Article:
Covid-19 and wider investment landscape mean institutional investors will increasingly look to alternative residential asset classes, such as build-to-rent, to deliver stable, long-term income streams.

Build-to-rent is in a good position to weather the Covid-19 storm, with macro-economic trends driving investor demand, an expert panel told Property Week in the latest RESICast. The RESIcast series gives you a taste of the topics and issues up for debate during the RESI Convention 2020.

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Vicky Pryce

Vicky Pryce, board member of the Centre for Economics and Business Research (CEBR)

Richard Jackson

Richard Jackson, co-founder and managing director at Apache Capital

Jason Constable

Jason Constable, head of specialist real estate at Barclays

The search for stable, long-term income streams in a low-interest rate environment will continue to fuel demand for funding alternative asset classes such as BTR, they said.

Vicky Pryce, a board member of the Centre for Economics and Business Research (CEBR) think-tank, points out that currently, “we have low inflation, very low bond yields and interest rates are near zero, so housebuilding and BTR portfolios will be a very attractive proposition to lenders and institutional investors.”

Currently, a 30-year UK Government Gilt yield is just 0.74 percent. In comparison, CBRE - not to be confused with CEBR - reckons prime net yields in the BTR market range from 3.25 percent to 4.25 percent.

According to the global property consultancy, UK BTR - or multifamily in US property jargon - is set to be the most resilient asset class.

A report from CBRE found that although investment this year is likely to be lower than in 2019, as a reflection of challenges posed by Covid-19, levels will return to growth in 2021, and outperform other sectors over the next five years.

Apache Capital’s co-founder and managing director Richard Jackson said: “In the medium to long term, we’ll see fairly consistent reallocations among institutional portfolios towards residential for rent as an investment class. It is defensive and generates long-term income streams that are sorely needed by institutional investors, such as pension funds, to match their liabilities.”

Together with joint venture partner Moda Living, Apache Capital has secured a £2.5bn BTR development pipeline, which will deliver 7,500 apartments in key cities across the UK.

The JV’s flagship BTR scheme Angel Gardens, located in Manchester’s NOMA neighbourhood, has seen considerable interest from consumers despite the pandemic.

Block 3 external view

Merton Catalyst scheme in Wimbledon, currently being developed by Galliard. It is a high profile scheme financed via Barclay’s £1bn Housing Delivery Fund joint-venture with Homes England 

“Since Covid-19 began, we’ve actually accelerated our lettings”, Jackson said. “What we’re experiencing at Angel Gardens is that people love the ability to work in the privacy of their own homes but also like the ability to use onsite co-working space while having the ability to use other onsite amenities such as the building’s gym.”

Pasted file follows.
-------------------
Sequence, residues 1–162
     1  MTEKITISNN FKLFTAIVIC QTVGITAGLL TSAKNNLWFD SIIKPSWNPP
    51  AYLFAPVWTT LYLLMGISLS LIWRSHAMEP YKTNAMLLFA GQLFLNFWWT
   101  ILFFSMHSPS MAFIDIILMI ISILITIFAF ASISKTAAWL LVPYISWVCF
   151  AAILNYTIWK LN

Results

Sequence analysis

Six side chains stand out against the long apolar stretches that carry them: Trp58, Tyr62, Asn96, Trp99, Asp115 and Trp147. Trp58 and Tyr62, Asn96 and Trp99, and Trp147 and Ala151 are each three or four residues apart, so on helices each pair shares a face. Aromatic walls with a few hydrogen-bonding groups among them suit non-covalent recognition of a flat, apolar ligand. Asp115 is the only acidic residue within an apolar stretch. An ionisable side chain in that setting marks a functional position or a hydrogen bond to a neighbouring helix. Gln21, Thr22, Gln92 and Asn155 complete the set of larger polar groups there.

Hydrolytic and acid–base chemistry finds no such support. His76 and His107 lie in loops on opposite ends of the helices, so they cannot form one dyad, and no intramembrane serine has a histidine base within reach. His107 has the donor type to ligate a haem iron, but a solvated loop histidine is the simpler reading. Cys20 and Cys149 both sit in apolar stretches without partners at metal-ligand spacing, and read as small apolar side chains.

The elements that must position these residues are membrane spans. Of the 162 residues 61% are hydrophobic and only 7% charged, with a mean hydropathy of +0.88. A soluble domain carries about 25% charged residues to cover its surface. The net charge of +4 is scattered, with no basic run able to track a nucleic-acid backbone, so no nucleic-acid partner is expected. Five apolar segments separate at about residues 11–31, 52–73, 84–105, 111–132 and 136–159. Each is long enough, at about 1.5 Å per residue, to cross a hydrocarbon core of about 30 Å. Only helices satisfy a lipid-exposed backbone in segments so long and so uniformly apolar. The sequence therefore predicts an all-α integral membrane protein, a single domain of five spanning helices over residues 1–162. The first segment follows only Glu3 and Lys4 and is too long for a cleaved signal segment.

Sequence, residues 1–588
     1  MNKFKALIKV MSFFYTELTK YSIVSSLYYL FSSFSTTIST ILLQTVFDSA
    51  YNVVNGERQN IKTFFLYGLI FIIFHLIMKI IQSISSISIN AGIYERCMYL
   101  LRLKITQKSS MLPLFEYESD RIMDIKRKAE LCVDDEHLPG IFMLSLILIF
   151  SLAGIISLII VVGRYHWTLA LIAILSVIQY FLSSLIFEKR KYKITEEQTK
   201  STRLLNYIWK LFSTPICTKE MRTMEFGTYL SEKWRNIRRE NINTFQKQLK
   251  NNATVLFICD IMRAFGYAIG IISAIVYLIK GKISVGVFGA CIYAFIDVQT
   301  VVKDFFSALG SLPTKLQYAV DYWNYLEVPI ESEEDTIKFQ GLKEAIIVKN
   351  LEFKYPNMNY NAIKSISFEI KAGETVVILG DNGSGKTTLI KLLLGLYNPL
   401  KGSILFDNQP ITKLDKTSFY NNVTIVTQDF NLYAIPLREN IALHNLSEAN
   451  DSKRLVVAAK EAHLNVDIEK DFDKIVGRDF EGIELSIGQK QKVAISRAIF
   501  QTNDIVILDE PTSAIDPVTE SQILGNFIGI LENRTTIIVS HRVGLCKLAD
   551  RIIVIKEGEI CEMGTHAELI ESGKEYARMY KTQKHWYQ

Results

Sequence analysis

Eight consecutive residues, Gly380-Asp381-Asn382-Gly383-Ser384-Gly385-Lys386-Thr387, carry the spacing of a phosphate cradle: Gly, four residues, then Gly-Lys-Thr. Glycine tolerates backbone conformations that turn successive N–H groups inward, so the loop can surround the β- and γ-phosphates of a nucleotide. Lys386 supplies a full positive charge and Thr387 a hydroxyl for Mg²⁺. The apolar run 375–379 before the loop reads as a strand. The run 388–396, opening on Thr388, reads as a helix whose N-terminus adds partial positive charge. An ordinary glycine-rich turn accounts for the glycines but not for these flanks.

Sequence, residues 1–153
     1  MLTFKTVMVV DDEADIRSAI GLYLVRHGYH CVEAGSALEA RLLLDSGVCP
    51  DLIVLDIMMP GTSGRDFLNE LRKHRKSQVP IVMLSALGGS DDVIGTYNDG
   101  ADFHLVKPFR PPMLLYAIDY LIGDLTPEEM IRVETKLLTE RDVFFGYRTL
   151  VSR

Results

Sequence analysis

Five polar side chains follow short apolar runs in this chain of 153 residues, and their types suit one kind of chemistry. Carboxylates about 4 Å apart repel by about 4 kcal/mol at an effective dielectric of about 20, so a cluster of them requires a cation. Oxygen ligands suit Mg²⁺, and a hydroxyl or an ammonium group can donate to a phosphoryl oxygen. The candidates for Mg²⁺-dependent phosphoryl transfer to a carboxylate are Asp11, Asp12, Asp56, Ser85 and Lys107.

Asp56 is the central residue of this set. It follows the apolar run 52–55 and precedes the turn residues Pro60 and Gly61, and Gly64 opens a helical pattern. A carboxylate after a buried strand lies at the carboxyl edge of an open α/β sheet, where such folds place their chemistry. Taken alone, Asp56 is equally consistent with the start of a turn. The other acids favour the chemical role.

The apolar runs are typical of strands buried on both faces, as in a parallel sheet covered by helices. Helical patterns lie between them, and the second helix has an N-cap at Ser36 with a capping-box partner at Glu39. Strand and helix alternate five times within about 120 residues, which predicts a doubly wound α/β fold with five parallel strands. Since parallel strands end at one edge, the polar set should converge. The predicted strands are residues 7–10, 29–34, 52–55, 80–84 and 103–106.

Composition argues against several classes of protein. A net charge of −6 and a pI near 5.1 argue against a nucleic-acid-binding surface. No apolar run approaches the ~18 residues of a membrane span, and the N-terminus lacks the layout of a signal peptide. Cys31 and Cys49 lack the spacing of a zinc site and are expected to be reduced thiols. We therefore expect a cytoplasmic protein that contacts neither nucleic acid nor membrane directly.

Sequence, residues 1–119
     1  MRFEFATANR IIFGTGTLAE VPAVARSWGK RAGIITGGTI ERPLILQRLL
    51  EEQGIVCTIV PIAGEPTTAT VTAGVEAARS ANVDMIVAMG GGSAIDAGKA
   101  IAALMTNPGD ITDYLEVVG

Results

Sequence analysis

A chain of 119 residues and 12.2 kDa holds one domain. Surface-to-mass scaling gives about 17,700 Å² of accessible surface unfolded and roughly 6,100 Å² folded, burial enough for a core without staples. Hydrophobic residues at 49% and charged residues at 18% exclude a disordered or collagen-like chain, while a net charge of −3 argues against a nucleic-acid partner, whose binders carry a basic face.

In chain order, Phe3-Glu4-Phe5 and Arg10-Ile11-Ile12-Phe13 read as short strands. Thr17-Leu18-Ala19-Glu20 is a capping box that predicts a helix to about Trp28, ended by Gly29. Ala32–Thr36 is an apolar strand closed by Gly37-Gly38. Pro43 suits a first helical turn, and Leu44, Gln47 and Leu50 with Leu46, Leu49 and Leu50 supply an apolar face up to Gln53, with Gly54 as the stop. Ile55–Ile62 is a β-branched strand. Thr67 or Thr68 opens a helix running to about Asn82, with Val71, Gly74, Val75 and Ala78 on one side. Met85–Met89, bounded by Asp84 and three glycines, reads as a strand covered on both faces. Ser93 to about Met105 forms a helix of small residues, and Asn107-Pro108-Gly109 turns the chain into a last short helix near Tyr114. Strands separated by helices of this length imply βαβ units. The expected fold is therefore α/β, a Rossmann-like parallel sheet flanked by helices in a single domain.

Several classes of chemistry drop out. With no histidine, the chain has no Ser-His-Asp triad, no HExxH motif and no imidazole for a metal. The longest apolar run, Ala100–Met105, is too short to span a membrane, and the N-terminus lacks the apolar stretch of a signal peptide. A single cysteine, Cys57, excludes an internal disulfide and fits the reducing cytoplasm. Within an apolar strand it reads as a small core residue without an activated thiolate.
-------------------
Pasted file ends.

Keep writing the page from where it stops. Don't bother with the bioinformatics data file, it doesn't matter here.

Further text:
However, this does not go to say that the multifamily sector has not had to deal with its own challenges during the current crisis.

Jason Constable, head of specialist real estate at Barclays, mentions that the structure of development financing is very bespoke to suit specific construction programmes. For example, different tranches of capital will be deployed at different, predetermined stages of the build cycle.

“During lockdown, sites were shut and workforces sent home. I’ve never had to face that kind of situation before. The first thing you think about here is your clients.”

Constable says that at Barclays, “there was a lot of open and constructive dialogue with our clients and I’m very pleased to say we’ve helped our clients navigate their way back through getting their workforces back on site.”

In practice, this meant extending facilities to accommodate a prolonged building programme and making various amendments to debt structures to make sure the availability of financing for Barclays’ clients was not hindered.

In 2018, Barclays announced it was joining forces with Homes England to provide £1bn of development finance, with loans between £5m and £100m, to support small and medium-sized businesses to develop homes for rent or sale.

Looking ahead, CEBR’s Pryce reckons there is a huge economic case for more BTR housing. “Having labour mobility is important, and assets such as BTR can provide this. There is a problem with home-ownership as it gets you stuck in places that may decline. The economy is changing and new industries are arriving. We must ensure people can get to where the jobs are.”

You can listen to this podcast via Apple Podcasts or Spotify or SoundCloud or listen to it through the player above. 

This podcast was produced by Blackstock Consulting founder Andrew Teacher and you can Tweet your views at @BlackstockPR

If you enjoyed this RESIcast and want to hear more insights from industry influencers, book your place at the RESI Convention 2020 online event taking place 10-11 November.